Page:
“In Zen quotes and sayings, we have many reminders of the impermanence of everything. Life, as all things in the universe, exists in cycles and nothing is permanent. Being mindful of non-duality however, means that all things never cease to exist either. From a withered, old, lifeless tree, a new flower blooms, a new life grows. This reminds us of the cycle of life, of how we are all related, elder and young, old and new, and how we are all of the same being.
This quote also speaks of how beauty, new life, and new thoughts can blossom from an otherwise old, lifeless, withered tree. Just because a tree is shrunken and has been around a long time, doesn’t mean it doesn’t have the capacity to flower new life from it.
We can interpret this several ways. We can see this as a message that no matter what stage we are at in life, we can always start fresh. It’s never too late to let our lives blossom into a beautiful new flower. There is no such thing as “it’s too late now.”
As we all exist in cycles, we should not underestimate the profound effect of changing our lives and relationships with others. Even at a late stage in life we can positively affect our attitudes and the perspectives of those around us. This can ripple out and create positive energy around the world, or at the very least, the lives of the ones around us.
Another way to see it is simple. We were all young flowers, growing from the fruits of our parents, and we will all grow old, into a withered tree. Flowers may bloom from us, or they may not. This is not just children, the flowers are also seeds of happiness we plant in the hearts and minds of others.”
“You can’t change yourself, nothing can change you: no Primal Therapy, or Encounter groups-nothing. All that can happen is that you can come to accept yourself. You think you are ugly, then be ugly. You don’t like your body, you don’t like your mind-they are you, accept them.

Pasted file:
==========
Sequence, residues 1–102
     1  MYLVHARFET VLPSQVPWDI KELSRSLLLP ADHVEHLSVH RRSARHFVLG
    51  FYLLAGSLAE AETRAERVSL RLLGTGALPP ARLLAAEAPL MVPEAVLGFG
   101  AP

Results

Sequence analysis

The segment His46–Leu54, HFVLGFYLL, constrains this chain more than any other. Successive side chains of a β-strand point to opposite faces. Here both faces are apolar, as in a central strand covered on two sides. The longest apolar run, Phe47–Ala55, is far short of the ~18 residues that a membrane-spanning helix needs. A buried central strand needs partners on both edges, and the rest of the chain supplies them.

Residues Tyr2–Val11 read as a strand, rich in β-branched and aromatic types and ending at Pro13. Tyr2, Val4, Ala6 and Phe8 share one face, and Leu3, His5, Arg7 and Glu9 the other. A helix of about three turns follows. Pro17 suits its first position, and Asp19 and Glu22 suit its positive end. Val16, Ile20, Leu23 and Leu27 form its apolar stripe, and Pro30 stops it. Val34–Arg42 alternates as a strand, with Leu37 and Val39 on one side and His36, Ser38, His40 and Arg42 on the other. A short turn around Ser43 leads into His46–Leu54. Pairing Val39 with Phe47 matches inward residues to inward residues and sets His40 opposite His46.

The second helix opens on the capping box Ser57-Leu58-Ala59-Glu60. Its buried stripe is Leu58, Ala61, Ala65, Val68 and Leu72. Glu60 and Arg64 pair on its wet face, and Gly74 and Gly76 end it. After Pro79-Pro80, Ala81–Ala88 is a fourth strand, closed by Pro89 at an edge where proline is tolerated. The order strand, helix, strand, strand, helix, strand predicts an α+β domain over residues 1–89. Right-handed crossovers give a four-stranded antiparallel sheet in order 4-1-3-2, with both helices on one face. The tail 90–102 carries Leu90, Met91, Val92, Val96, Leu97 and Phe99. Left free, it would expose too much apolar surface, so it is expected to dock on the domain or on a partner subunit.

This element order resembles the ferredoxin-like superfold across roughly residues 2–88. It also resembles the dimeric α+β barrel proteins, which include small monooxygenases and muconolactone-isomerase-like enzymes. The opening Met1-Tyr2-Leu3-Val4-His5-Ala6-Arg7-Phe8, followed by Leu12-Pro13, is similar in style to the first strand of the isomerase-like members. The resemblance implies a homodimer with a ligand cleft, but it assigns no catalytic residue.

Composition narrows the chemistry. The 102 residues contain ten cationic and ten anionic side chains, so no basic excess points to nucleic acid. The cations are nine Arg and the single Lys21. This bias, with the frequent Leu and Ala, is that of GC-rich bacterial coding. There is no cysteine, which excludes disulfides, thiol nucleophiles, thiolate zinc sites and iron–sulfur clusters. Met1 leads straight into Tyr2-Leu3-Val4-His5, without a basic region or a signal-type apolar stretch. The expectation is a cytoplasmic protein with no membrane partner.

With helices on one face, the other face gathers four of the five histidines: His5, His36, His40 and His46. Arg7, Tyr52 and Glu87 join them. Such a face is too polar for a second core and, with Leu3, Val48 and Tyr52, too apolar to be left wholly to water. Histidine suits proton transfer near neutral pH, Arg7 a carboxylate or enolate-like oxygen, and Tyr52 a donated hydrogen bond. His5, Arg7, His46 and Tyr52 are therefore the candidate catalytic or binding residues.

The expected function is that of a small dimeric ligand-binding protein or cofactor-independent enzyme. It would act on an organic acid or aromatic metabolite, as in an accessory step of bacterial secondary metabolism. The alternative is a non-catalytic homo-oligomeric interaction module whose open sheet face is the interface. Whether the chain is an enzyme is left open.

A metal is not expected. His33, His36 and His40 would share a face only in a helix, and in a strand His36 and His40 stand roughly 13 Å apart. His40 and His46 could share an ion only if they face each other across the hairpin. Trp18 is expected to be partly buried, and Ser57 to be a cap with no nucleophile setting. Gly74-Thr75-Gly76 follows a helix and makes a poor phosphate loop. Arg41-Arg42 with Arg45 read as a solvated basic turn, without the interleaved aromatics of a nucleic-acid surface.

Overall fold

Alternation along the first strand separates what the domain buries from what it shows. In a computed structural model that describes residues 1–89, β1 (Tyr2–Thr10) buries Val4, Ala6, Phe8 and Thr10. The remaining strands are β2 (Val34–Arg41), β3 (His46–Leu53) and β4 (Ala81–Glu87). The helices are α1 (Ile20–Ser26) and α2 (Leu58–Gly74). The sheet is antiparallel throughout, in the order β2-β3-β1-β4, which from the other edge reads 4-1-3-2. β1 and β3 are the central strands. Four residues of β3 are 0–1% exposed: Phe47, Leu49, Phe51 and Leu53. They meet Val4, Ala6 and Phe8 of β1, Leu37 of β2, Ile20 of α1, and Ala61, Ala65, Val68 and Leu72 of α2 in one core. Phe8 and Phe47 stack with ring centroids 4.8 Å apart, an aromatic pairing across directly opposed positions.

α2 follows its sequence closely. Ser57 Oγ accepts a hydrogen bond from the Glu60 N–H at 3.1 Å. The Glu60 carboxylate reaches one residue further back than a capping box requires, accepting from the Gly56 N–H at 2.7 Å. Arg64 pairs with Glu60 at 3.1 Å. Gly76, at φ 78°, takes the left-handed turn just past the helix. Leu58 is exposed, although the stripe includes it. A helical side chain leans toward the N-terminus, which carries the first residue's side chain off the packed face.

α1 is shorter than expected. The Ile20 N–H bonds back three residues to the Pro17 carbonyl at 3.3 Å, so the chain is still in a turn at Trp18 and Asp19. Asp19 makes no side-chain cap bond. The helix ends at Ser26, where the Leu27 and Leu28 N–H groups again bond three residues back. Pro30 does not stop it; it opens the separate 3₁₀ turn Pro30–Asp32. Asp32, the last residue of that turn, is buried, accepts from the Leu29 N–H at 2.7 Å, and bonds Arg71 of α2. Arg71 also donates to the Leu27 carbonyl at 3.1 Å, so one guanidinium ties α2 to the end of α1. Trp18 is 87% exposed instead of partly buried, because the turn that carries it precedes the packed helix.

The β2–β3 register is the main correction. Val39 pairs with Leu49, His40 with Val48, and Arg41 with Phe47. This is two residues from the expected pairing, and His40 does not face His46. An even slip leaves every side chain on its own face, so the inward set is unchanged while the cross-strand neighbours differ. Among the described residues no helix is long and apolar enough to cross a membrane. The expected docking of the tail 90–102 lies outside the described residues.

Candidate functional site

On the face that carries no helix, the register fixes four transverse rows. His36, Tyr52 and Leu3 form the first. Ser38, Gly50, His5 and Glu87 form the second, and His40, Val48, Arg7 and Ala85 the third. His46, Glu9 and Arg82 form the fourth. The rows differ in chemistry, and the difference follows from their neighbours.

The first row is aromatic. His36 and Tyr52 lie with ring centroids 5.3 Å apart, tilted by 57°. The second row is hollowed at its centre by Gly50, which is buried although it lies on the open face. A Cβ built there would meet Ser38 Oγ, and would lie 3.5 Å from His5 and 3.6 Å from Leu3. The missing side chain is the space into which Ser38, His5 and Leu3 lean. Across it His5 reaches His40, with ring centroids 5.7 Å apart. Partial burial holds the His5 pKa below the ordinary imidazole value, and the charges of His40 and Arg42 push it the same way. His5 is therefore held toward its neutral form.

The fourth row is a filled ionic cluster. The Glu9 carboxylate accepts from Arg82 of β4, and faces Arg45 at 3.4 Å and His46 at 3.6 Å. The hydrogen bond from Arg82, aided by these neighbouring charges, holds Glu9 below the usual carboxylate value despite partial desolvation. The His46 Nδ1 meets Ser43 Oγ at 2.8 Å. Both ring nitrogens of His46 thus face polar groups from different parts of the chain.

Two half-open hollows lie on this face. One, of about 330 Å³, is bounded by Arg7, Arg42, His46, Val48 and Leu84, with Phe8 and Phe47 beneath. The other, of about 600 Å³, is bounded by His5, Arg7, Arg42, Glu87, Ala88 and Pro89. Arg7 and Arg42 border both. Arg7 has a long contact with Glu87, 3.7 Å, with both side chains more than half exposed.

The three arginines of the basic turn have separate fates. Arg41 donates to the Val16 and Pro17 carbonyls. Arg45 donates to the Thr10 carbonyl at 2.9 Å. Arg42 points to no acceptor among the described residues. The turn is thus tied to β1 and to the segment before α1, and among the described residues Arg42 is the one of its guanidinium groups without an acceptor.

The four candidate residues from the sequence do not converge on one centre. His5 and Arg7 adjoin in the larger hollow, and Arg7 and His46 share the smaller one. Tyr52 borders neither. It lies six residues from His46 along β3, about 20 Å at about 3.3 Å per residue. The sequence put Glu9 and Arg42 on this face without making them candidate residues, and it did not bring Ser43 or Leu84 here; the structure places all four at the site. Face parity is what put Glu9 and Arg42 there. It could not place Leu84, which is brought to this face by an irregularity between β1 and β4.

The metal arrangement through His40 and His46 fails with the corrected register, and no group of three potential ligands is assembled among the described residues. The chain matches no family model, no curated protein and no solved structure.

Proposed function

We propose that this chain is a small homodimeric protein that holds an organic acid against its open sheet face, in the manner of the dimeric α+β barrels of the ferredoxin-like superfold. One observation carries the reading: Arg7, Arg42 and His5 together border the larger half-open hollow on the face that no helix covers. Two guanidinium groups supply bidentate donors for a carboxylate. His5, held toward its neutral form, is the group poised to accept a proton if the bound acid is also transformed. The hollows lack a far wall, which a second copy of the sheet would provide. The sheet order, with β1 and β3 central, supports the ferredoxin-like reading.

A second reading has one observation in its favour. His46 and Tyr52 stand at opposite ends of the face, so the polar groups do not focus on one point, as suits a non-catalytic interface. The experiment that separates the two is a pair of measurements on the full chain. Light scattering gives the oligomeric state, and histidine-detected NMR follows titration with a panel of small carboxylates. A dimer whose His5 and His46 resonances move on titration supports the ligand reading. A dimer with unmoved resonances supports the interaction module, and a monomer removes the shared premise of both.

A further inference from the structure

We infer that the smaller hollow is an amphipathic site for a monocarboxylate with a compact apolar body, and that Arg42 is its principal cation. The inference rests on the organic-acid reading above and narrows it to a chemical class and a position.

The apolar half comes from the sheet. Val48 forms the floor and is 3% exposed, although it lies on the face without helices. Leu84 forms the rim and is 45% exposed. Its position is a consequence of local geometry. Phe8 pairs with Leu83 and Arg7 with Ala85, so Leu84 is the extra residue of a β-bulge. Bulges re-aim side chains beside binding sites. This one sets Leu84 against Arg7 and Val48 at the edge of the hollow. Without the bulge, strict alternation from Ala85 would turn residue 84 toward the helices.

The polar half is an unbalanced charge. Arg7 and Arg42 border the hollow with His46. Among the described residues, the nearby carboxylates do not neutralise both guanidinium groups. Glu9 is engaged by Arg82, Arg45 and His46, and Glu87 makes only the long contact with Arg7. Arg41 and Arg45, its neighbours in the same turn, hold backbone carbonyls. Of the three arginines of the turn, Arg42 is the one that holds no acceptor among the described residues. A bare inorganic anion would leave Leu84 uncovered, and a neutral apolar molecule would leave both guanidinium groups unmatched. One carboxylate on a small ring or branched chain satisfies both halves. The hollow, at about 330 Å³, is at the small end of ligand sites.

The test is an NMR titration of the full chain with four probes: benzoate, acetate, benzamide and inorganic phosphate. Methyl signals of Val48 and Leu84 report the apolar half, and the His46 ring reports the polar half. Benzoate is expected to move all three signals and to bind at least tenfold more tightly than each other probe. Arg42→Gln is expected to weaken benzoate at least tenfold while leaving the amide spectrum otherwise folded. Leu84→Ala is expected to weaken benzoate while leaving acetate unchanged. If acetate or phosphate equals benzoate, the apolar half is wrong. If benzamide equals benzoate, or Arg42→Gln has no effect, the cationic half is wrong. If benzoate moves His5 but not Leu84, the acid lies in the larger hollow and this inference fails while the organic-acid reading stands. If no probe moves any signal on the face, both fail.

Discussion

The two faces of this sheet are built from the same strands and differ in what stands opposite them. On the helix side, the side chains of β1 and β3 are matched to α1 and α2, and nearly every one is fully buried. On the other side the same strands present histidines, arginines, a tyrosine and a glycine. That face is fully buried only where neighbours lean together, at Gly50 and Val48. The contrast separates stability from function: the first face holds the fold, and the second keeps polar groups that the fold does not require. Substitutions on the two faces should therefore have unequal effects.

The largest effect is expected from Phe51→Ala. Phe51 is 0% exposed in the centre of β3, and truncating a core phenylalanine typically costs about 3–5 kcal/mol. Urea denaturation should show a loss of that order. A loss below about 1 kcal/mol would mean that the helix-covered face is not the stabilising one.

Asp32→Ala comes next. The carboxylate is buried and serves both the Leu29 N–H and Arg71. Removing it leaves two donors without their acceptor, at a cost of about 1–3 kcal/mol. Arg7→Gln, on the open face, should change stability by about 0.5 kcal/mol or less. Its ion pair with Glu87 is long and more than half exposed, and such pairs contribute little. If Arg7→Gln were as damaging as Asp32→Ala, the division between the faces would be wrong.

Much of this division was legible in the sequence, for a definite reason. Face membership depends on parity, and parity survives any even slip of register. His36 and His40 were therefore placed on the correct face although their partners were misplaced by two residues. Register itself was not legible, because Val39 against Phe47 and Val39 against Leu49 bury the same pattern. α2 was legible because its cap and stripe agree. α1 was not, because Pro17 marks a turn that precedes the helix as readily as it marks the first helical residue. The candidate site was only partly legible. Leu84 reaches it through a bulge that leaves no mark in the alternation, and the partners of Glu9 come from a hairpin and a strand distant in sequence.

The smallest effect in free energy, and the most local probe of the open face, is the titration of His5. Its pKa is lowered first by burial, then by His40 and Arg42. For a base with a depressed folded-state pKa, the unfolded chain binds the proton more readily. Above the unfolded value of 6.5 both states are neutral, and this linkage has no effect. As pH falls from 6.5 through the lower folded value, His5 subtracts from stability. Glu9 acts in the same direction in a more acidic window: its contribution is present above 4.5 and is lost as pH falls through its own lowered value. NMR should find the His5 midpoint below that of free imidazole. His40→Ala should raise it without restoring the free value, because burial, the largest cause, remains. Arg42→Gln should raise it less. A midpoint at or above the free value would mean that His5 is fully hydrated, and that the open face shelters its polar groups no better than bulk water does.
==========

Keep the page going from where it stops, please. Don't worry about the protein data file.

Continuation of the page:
And it is the ego that wants to change, become radiant, enlightened, unique. No one loves themselves. And this is the whole beautiful attitude of the religious man-that nothing can be changed, so eat well, live, enjoy. He doesn’t waste energy fighting against himself. Nothing is wrong but a wrong attitude. You are trying to square the circle-it can be done; if it could, it would no longer be a circle.” Osho
If you have a problem with this you can text or call 717-672-1014, I’m sure they have operators standing by who are experts on change.
“The park grass looked greener, the park benches looked better and the flowers were trying harder.” Charles Bukowski
I found these in a local park and they seem to be in their prime, but in a few weeks they will be gone forever-dust to dust. Maybe it’s the fact that I’m getting older or maybe I just notice it more, but things seem to move a lot faster now.
Watching the flowers come and go is also watching the days speed by, and I know I’m running out of time. Of course this is how life works; we’re here for a while and then we’re gone. And whether we acknowledge it or not, suffering comes from wanting things to be different than they are.
W. Somerset Maugham, author of The Razor’s Edge has a great perspective on impermanence: “Nothing in the world is permanent, and we’re foolish when we ask anything to last, but surely we’re still more foolish not to take delight in it while we have it.”
Along the way, take time to smell the flowers, in as many ways as you can for as long as you can.